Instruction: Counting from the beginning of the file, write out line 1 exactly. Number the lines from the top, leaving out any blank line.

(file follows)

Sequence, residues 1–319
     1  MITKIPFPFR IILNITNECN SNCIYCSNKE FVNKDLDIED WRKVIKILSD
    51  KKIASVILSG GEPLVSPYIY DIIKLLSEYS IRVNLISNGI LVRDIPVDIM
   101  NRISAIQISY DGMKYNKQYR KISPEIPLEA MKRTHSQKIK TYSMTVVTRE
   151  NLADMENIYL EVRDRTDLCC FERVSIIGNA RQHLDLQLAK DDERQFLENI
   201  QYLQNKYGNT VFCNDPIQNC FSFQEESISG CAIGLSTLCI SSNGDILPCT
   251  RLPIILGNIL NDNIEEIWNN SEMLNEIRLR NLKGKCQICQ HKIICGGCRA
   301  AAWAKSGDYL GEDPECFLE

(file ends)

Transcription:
Sequence, residues 1–319